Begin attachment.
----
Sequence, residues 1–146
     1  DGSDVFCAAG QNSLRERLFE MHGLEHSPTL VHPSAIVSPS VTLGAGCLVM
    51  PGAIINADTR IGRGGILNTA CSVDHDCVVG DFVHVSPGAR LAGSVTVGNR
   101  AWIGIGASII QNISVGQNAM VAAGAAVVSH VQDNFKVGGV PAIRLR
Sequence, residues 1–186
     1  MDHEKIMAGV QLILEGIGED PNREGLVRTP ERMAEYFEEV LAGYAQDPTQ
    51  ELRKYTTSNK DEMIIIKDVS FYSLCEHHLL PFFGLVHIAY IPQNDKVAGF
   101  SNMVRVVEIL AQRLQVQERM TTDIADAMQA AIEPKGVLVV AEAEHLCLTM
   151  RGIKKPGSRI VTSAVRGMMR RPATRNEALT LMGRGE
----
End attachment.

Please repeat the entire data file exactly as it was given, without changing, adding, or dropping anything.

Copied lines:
Sequence, residues 1–146
     1  DGSDVFCAAG QNSLRERLFE MHGLEHSPTL VHPSAIVSPS VTLGAGCLVM
    51  PGAIINADTR IGRGGILNTA CSVDHDCVVG DFVHVSPGAR LAGSVTVGNR
   101  AWIGIGASII QNISVGQNAM VAAGAAVVSH VQDNFKVGGV PAIRLR
Sequence, residues 1–186
     1  MDHEKIMAGV QLILEGIGED PNREGLVRTP ERMAEYFEEV LAGYAQDPTQ
    51  ELRKYTTSNK DEMIIIKDVS FYSLCEHHLL PFFGLVHIAY IPQNDKVAGF
   101  SNMVRVVEIL AQRLQVQERM TTDIADAMQA AIEPKGVLVV AEAEHLCLTM
   151  RGIKKPGSRI VTSAVRGMMR RPATRNEALT LMGRGE